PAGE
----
Leagues using instant replay in official decision making include the National Hockey League, National Football League, Canadian Football League, National Basketball Association, and Major League Baseball. It is used international in field hockey and rugby union as well. Since 2017, some association football competitions have employed the use of a "Video Assistant Referee" (aka "VAR").

Due to the cost of television cameras and other equipment needed for a video referee to function, most sports only employ them at a professional or top-class level.

In Major League Baseball, instant replay has been introduced to address "boundary calls", which include questions on whether or not a hit should be considered a home run (HR). Among reviewable plays are: Fair Ball-HR; Foul Ball, Ball Clearing Wall-HR; Ball Staying in Play-Live Ball; Ball Leaving Field of Play-HR; and, Ball or Player interfered with by spectators (called Spectator Interference). The latest MLB collective bargaining agreement, pending agreement by the umpires' union, expands instant replay to include: Fair Ball; Foul Ball along foul lines, or Ball Caught for Out; Ball Trapped Against Ground or Wall; as well as expanding Interference calls to all walls regardless of whether it is a "boundary call" or not.

In Little League Baseball, Instant Replay was initially adopted for the Little League World Series only but later was expanded to include the qualifying regional tournaments as well. It includes all "boundary call" plays reviewable at the Major League Level, in addition to adding review to plays involving force outs, tag plays on the basepaths, hit batters, and for defensive appeals regarding whether a runner missed touching a base.[8]

Basketball

[8]

In NBA basketball, the officials must watch an instant replay of a potential buzzer beater to determine if the shot was released before time expired. Since 2002, the NBA has mandated installation of LED light strips on both the backboard and the scorer's table that illuminate when time expires, to assist with any potential review.

Instant replay first came to NBA in the 2002–03 season. In Game 4 of the 2002 Western Conference Finals, Los Angeles Lakers forward Samaki Walker made a three-point field goal from the half court at the end of the second quarter. However, the replay showed that Walker's shot was late and that the ball was still in his hand when the clock expired. The use of instant replay was instituted afterward.[9]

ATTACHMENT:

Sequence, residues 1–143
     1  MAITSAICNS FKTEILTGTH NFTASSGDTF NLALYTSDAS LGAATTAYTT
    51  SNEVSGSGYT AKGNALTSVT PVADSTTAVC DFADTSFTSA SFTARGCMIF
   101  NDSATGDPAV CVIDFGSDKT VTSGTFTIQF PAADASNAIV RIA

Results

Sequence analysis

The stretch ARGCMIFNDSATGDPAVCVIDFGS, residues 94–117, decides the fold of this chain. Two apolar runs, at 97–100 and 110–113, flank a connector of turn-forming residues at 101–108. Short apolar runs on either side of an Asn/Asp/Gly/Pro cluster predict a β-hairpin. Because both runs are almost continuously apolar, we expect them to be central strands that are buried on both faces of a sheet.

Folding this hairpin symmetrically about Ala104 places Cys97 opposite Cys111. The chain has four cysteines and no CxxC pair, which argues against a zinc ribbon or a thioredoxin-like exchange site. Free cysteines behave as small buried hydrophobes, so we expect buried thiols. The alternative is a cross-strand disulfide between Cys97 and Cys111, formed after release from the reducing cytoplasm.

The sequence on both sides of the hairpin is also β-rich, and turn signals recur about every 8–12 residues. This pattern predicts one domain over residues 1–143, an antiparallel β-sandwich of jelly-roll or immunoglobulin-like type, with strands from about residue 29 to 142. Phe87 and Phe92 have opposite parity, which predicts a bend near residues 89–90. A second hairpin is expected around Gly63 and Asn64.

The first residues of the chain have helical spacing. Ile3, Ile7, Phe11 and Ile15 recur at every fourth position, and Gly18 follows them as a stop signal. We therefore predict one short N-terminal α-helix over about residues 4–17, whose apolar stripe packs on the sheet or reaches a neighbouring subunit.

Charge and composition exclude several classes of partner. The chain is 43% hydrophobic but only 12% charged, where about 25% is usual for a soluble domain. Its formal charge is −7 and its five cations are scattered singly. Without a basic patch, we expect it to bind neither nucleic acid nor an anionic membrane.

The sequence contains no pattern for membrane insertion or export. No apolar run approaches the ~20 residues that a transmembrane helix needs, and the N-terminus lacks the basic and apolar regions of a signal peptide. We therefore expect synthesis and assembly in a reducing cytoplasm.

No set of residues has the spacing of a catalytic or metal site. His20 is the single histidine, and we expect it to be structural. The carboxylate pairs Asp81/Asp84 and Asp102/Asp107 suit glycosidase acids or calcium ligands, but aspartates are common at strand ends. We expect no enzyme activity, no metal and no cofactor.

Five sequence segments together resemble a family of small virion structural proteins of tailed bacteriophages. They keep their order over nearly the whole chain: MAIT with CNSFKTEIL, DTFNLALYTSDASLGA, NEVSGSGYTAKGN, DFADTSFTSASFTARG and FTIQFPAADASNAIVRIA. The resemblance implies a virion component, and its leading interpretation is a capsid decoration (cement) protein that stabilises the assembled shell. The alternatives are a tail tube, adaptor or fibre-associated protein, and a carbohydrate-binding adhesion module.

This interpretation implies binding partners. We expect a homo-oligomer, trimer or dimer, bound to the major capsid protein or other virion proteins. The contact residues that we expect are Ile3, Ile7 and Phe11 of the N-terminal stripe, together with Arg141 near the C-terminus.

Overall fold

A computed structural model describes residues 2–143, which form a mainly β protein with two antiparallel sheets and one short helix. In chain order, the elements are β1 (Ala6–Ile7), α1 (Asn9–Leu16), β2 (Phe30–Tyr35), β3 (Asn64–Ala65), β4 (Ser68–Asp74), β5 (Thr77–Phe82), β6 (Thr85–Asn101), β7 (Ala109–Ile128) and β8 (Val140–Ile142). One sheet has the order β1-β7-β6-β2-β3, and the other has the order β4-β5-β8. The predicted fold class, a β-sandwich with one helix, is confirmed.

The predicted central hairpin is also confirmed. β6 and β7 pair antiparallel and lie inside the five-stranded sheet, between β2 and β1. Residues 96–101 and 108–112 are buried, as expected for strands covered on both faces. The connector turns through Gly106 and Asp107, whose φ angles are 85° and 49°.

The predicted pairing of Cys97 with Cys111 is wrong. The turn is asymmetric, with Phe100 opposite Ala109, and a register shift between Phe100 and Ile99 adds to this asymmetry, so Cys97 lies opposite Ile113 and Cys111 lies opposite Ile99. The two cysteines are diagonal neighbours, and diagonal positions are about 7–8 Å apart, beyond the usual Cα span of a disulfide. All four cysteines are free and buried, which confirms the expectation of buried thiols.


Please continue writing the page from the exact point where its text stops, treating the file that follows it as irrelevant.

Beginning with the 2007–08 season, replay also can be used in determining players being ejected from contests involving brawls or flagrant fouls. In the 2008–09 season, replay may also be used to correctly determine whether a scored field goal is worth two or three points. It may also be used to determine the correct number of free throws awarded for a missed field goal. It may also be used in cases where the game clock malfunctions and play continues to decide how much time to take off the clock.[10] In 2014, the NBA consolidated its replay work in remote instant replay center to support officials in multiple games.Los Angeles Lakers forward Samaki Walker made a three-point field goal from the half court at the end of the second quarter. However, the replay showed that Walker's shot was late and that the ball was still in his hand when the clock expired. The use of instant replay was instituted afterward.[9]

Beginning with the 2007–08 season, replay also can be used in determining players being ejected from contests involving brawls or flagrant fouls. In the 2008–09 season, replay may also be used to correctly determine whether a scored field goal is worth two or three points. It may also be used to determine the correct number of free throws awarded for a missed field goal. It may also be used in cases where the game clock malfunctions and play continues to decide how much time to take off the clock.[10] In 2014, the NBA consolidated its replay work in remote instant replay center to support officials in multiple games.[11]